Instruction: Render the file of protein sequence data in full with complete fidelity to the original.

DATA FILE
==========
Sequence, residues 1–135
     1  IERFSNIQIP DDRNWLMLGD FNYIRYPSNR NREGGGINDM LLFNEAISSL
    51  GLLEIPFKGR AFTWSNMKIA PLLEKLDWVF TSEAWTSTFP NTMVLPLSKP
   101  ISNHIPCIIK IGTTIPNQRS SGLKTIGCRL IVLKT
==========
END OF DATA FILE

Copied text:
Sequence, residues 1–135
     1  IERFSNIQIP DDRNWLMLGD FNYIRYPSNR NREGGGINDM LLFNEAISSL
    51  GLLEIPFKGR AFTWSNMKIA PLLEKLDWVF TSEAWTSTFP NTMVLPLSKP
   101  ISNHIPCIIK IGTTIPNQRS SGLKTIGCRL IVLKT